2017 Year End Report: Best Supporting Actress

There really was a lot of great work done in this category this year – and sadly, I think much of it has been overlooked.
 
Runners-Up: Mary J. Bilge in Mudbound is a tower of strength and integrity in her debut acting role – the smart, conscience at the heart of the movie. Elle Fanning in The Beguiled plays perhaps the smartest of the women in The Beguiled – or at least the one who knows how best to get what she wants. Betty Gabriel in Get Out takes a tiny role, and makes it unforgettable. Kristen Dunst in The Beguiled is great as the most repressed of the women in The Beguiled. Fatine Harduin in Happy End plays the 13 year old daughter, who is responsible for her mothers death (accidentally, or are on purpose) – and becomes part of a family she barely knows, and doesn’t much seem to care for her. Melissa Leo in Novitiate seems at times to be in her own movie here – and she goes wonderfully over-the-top in a not for all tastes, but certainly stranger performance. Tatiana Maslany in Stronger is quietly impressive, taking what could have been the boring “supportive girlfriend” role and imbibing it with something a lot more interesting. Elisabeth Moss in The Square only has a few scenes in this two and half hour sprawling satire – but you won’t forget them – a comic marvel. Ella Rumpf in Raw is full of energy and punk, as the older half of a sibling rivalry that turns bloody.
 
 10. Naomi Aicke in Lady Macbeth
Naomi Aicke gives one of the best performances of the year, even though her character, Anna, barely says a word. In this film, Aicke’s Anna is the maid to Florence Pugh’s Katherine – who sees almost everything going in inside this expansive house, and yet can never say a word about it. There are class dynamics at work of course, but also unspoken racial dynamics as well, as Aicke has to sit and watch in horror as to what is happening, and not say a word to protect herself. It is a devastating portrait that gives a different view of a largely ignored type of domestic servant.
 
9. Bria Vinaite in The Florida Project
Vinaite plays Halley, the unemployed, single mother to little Moonee in The Florida Project – and it says something about her performance that even though she does some horrible things in the movie, and isn’t a very good mother, than you still really do feel for character – and like her right up until the end of the film. Vinaite was a non-professional when director Sean Baker cast her, and she brings real humanity to her role throughout – and runs the spectrum of emotions. It is a portrait of life on the margins – and Vinaite does a brilliant job in her first ever role.
 
8. Allison Williams in Get Out
As Rose, the girlfriend of the main character, Williams is the character who I think most white viewers relate to the most – her parents are well-meaning, sure, but they make some boneheaded comments. But Rose is woke, right? She’s the real good white liberal we all right? Which is, of course, what makes her ultimate betrayal hurt all the more. Williams is playing off the persona she built up over the years on Girls, and is a perfect vision of millennial self-importance and ironic hipsterism. She’s also evil, and does that brilliantly as well. A great performance.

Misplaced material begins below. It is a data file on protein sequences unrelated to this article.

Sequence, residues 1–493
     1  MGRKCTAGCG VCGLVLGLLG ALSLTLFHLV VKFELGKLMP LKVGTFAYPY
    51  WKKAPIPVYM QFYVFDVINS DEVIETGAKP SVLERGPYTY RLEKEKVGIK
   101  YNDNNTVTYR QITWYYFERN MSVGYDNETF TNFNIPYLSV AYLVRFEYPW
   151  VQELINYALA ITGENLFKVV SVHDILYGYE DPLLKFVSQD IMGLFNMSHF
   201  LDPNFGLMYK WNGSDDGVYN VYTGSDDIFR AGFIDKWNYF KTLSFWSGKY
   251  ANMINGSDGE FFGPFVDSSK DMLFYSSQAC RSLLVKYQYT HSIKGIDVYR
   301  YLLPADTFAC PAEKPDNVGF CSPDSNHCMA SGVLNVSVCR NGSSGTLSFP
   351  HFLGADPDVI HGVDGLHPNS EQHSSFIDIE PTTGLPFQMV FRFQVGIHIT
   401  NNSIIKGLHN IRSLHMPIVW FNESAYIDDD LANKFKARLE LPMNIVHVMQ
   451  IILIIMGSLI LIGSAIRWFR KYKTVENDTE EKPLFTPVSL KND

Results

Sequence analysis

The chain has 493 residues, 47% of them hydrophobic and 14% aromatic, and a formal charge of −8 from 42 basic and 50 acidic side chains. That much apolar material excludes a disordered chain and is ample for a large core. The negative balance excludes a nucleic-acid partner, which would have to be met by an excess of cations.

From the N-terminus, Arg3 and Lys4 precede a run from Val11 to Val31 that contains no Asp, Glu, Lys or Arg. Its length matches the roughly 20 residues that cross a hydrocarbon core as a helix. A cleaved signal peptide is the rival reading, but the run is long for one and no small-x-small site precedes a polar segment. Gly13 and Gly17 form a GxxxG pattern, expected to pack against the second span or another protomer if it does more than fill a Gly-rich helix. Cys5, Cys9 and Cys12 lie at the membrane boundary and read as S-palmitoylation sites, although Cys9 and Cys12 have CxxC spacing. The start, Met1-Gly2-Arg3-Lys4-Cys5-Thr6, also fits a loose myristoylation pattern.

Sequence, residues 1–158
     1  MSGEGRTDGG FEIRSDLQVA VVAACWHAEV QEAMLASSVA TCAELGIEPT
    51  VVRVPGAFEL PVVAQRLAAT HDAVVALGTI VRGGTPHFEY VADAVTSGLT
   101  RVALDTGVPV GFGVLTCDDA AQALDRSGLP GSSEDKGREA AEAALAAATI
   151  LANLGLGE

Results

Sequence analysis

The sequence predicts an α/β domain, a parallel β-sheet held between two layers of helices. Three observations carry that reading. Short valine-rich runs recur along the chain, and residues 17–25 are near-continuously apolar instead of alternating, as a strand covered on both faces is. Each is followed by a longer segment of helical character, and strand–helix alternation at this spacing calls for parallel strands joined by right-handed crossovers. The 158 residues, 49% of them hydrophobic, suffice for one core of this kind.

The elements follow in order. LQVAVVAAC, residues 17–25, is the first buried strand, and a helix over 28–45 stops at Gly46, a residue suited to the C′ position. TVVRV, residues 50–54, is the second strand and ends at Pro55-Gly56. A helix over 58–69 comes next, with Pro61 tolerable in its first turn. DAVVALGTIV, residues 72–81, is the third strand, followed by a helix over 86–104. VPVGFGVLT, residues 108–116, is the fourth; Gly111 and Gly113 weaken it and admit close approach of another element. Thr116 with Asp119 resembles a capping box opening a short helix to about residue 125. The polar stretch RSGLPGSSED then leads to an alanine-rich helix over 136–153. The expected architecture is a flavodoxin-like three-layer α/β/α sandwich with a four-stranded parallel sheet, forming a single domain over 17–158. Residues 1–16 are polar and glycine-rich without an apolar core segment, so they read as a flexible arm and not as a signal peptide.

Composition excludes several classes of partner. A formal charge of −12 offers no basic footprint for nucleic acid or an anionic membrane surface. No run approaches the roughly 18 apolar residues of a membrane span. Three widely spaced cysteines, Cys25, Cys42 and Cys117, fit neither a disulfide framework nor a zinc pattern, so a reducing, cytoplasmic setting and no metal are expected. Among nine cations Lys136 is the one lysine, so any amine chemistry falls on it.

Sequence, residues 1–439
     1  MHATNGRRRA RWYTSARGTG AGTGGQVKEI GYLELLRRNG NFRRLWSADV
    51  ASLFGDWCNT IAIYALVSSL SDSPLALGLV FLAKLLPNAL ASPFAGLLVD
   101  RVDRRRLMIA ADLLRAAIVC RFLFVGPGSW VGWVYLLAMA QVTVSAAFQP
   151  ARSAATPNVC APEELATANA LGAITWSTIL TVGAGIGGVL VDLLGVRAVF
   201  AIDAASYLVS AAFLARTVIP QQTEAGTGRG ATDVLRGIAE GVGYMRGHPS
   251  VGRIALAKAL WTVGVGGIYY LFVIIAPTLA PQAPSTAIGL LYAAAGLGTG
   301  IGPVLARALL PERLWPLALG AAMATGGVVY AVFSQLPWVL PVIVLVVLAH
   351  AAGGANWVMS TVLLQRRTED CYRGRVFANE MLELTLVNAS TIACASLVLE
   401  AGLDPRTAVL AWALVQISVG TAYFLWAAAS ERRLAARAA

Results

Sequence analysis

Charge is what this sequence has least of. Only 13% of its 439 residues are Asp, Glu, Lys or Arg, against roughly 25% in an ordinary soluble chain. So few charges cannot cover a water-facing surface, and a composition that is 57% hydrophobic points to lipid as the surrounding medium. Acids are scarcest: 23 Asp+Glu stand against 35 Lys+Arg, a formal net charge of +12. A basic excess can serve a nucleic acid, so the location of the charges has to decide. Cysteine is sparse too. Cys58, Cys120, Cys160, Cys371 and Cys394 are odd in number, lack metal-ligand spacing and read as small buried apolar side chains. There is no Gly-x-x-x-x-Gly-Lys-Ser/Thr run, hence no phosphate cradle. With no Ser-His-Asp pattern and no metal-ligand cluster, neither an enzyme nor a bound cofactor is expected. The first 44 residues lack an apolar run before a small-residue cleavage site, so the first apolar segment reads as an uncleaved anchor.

7. Natalie Portman in Song to Song
Natalie Portman’s role in Terence Malick’s Song to Song is a small one – it’s basically an interlude we witness, as Michael Fassbender’s version of Satan seduces, corrupts and destroys this Texas school teacher in a matter of about 10 minutes. Portman falls apart wonderfully in this film, and shows us everything we need to know about this woman in a just a few short minutes. Malick’s recent approach doesn’t do a lot of actors any favors – it makes them all kind of blend together, as they are cast for how they look and move more than anything else. Here though, Portman stands out and delivers one of her best performances – and certainly one of the most underrated of the year.
 
6. Nicole Kidman in The Killing of a Sacred Deer
There is probably no other actress with the star power of Nicole Kidman who so consistently takes risks – working on daring projects, with strange directors – and the results are usually great. Her latest is her work in Yorgos Lanthimos’ The Killing of a Sacred Deer – which stands with her best work. Lanthimos’ style requires actors to drain a lot of emotion out of their dialogue, and do a lot, with less. Kidman does so much manipulation in this film, just with her eyes, and the few words she says to her husband – played by Colin Farrell (there is also the tremendously funny and horrifically awkward hand job scene as well, but I digress). For some reason, Kidman doesn’t seem to rank as high as other actresses in terms of the admiration we have for them in terms of her risk taking, and ability to fit in any movie. That should change (and the Kidman Bracket game by Guy Lodge this year helped, I think) – as here, we have another great performance by Kidman.